We now know that the human population has already expanded beyond the capacity of earth’s sustainable resources. It matters that future generations have an acceptable quality of life and that the human race, through uncontrolled growth, does not destroy the one home it inhabits.
1973: Four billion
When I was a student in Oxford in the early 1970s, I spent a little time studying demography. In the year when I wrote an essay on this subject (1973), global population was estimated to be around four billion, having grown by around one billion since 1960. A frighteningly steep upward curve in numbers was already in evidence.
When asked by my tutor why I had chosen this option, I replied: “Because people matter.”
2023: Eight billion
As we entered 2023, the United Nations Department of Economic and Social Affairs had recently announced that the world’s total population had reached around eight billion people, having doubled in the previous 50 years. The UN called for solidarity in advancing sustainable development for all, but there was little or no discussion in the media about the burgeoning population being itself one of the biggest threats to human life on the planet, nor that we could be heading for 10 billion people by the late 2050s, as Population Matters, a UK based charity supported by Sir David Attenborough and other distinguished patrons, has shown.
Can technology keep pace with population growth?
My studies had introduced me to the theory of Thomas Malthus, an English cleric who, in 1798, predicted that unchecked, population would always grow exponentially. By contrast, Malthus argued, food production could grow only linearly. He concluded that lack of resources, primarily food, would therefore ultimately limit population growth.
As time passed, it became generally accepted that, since the industrial revolution, Malthus’s theory had lost its validity. His critics pointed out that expansion of agriculture, new technologies, rising economic growth per capita and globalisation had largely enabled food supplies to keep pace with population growth at global level.
However, this assumption is now being sorely put to the test by the fall-out, in terms of disruption to food supplies, from the Ukraine war, as well as increasing floods and famine, largely due to climate change. It also implicitly ignores the fact that rising standards of living are placing an intolerable burden on the global environment.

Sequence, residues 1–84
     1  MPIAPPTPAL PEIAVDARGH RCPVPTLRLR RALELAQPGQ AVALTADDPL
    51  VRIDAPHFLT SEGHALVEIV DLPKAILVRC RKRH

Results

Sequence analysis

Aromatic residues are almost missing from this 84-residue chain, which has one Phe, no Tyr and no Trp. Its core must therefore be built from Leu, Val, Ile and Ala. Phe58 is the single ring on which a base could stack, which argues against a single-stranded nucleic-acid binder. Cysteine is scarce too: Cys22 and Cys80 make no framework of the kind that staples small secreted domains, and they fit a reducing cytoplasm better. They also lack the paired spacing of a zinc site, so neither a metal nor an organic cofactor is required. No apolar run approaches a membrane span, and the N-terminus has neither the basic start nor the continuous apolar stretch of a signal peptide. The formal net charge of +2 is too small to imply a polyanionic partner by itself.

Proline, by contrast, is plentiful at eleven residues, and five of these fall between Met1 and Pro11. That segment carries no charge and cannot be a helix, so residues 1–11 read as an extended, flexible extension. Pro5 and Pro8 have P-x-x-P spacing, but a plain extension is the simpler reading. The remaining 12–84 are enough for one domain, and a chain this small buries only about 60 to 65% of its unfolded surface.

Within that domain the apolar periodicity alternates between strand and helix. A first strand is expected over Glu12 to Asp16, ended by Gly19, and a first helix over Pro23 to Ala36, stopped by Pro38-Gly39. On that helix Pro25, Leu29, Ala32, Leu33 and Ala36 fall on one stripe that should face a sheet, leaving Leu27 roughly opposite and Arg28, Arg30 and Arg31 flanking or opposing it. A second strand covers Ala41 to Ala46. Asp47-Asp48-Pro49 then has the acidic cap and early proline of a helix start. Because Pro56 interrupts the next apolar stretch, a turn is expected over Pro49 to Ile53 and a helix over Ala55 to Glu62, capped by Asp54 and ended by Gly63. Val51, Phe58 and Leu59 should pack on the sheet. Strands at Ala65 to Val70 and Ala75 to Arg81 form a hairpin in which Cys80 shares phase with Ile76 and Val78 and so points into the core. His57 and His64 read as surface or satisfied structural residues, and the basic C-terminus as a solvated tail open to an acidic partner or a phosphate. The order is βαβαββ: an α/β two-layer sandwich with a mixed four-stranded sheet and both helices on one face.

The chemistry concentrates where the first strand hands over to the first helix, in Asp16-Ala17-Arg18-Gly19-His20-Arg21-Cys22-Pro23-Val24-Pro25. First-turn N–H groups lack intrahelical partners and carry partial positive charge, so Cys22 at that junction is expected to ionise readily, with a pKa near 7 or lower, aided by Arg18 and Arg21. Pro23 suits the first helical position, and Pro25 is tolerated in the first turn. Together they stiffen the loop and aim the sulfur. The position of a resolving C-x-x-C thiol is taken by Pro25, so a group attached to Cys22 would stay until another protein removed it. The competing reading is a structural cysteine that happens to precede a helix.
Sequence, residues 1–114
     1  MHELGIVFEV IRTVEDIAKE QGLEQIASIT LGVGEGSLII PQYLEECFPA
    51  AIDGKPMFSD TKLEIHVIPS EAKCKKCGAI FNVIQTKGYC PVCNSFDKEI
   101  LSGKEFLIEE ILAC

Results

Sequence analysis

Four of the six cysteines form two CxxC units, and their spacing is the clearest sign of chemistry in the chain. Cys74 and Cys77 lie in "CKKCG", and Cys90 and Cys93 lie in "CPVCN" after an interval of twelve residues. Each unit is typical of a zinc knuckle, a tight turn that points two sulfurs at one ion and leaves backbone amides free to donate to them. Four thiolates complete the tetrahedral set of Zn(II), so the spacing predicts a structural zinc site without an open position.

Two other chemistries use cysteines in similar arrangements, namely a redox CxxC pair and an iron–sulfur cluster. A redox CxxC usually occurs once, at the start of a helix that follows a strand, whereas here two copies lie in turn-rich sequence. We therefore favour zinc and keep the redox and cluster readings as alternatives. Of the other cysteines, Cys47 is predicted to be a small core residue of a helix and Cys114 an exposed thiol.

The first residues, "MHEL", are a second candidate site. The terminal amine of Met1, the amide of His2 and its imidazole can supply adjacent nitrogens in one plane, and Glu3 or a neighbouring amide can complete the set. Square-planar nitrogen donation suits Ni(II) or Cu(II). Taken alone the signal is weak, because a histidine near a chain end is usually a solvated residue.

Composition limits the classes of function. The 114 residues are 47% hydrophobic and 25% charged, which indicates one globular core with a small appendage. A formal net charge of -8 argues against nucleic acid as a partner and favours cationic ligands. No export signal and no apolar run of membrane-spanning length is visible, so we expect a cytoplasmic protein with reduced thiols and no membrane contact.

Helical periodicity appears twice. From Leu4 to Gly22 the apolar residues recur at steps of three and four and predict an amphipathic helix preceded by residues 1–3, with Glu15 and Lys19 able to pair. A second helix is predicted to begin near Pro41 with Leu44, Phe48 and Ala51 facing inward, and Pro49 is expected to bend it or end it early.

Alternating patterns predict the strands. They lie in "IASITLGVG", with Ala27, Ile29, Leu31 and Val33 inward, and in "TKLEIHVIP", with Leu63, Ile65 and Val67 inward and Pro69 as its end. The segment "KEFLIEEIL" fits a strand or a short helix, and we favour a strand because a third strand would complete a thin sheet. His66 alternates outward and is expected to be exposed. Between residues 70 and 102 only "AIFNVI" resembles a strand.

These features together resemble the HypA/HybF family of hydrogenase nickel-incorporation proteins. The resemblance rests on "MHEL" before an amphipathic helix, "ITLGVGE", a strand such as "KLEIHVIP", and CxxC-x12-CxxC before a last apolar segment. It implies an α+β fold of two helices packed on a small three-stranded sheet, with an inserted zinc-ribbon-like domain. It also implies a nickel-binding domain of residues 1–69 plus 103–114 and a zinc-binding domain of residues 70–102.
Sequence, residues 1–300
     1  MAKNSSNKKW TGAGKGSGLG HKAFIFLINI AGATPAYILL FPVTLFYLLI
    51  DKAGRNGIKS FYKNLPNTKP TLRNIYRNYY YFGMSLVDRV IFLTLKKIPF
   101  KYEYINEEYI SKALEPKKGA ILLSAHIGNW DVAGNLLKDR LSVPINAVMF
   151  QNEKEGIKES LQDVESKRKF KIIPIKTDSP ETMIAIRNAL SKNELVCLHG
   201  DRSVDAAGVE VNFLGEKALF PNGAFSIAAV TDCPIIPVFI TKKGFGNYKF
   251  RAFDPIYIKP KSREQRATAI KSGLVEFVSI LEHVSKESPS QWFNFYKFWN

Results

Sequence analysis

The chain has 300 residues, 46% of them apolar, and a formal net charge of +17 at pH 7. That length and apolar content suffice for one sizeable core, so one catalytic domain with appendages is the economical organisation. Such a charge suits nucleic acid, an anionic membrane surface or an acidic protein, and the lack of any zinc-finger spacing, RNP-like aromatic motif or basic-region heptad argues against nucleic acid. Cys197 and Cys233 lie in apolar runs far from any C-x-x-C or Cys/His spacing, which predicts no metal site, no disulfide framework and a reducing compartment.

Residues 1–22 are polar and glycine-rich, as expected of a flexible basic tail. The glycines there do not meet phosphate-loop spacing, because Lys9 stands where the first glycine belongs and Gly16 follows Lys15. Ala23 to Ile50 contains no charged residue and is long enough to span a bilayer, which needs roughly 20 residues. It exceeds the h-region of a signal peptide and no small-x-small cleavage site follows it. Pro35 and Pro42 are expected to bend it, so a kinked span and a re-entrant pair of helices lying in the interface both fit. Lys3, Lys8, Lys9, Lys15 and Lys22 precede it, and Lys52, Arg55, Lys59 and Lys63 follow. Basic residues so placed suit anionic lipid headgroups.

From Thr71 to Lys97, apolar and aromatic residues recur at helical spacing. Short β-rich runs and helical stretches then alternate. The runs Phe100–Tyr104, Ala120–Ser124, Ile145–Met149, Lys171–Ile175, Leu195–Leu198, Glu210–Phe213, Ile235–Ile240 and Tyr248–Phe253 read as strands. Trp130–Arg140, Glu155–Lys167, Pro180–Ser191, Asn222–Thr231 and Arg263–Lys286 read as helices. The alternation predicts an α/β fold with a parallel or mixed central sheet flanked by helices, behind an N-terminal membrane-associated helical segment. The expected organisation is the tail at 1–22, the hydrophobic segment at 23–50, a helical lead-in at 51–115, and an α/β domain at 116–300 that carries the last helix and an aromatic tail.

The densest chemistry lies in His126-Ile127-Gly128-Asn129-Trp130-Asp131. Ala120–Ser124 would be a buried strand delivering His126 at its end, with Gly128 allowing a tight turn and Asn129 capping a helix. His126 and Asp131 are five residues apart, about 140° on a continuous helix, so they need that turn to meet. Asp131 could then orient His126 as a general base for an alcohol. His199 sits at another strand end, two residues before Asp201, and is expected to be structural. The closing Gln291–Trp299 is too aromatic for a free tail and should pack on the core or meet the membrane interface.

According to One Planet, a UN-supported multilateral network, our global footprint is already about one and half times the Earth’s total capacity to provide renewable and non-renewable resources to humanity.
Is the rate of population growth slowing down?
Detractors of Malthus can also point out that, following a peak of 2.2 per cent in the early 1960s, the annual growth rate of global population has started to decline. This means that for decades, the world population has technically no longer been growing exponentially. The time gaps between each successive billion people have been relatively stable, with around 12-13 years for each additional billion to arrive between 1973 to 2023. This reflects the fact that today, two-thirds of the global population live in a low fertility context, where lifetime fertility is below 2.1 births per woman.
Late 2050s: Ten billion?
However, the latent continuing linear growth in population still represents a grave threat to sustainability. According to Population Matters, although the growth rate is now less than one per cent per year, because our total population is more than three times larger than in 1950, the absolute annual global increase is more than 60 million people per year. The UN estimates that we will reach nine billion people in 14 years’ time in 2037 and 10 billion by 2058. It foresees the overall global figure peaking at around 10.4 billion in the 2080s.
The consequences of this are explained succinctly in the book Ten Billion, by scientist Stephen Emmott: “In short, as population increases, and as economies grow, stress on the entire system accelerates sharply.”
Climate change is of course closely linked to population growth, as increasing consumption tends to increase emissions of harmful greenhouse gases. At the same time, conventional food production is set to decline, because of climate change, desertification and water stress. The loss of bio-diversity, eco-systems and forests could also pose a threat to human survival. Meanwhile more and more people are exposed to climate-related risks, especially in poorer regions, leading to increased migration pressures.
Radical solutions are clearly needed to these complex and serious issues in order to maintain global sustainability.
Greener, leaner life-styles
Of course, the environmental impact of life-styles in higher income regions is far greater than in poorer ones. Those of us in richer countries need to consume less and conserve more. We urgently need governments to mandate sustainability strategies as integral in food, energy, transport and all other areas of economic and social policy.
Education of women
Lower-income countries in particular, need help to support education for women. In Bangladesh (pop.179 million) for example, improved women’s education and government-sponsored family-planning programmes have resulted in a dramatic decline in women’s fertility since 1985, from 5.5 to 2.1 births per woman at the present day. The UN advocates that “all population policies must have reproductive rights at their core, invest in people and planet, and be based on solid data.”
Malthus had a point
We need to come to terms with the fact that our still rapidly growing population poses a threat to human survival. Malthus is proving right after all, in his understanding that, no matter how large the resources and how advanced the technologies, with only one planet, they are still finite.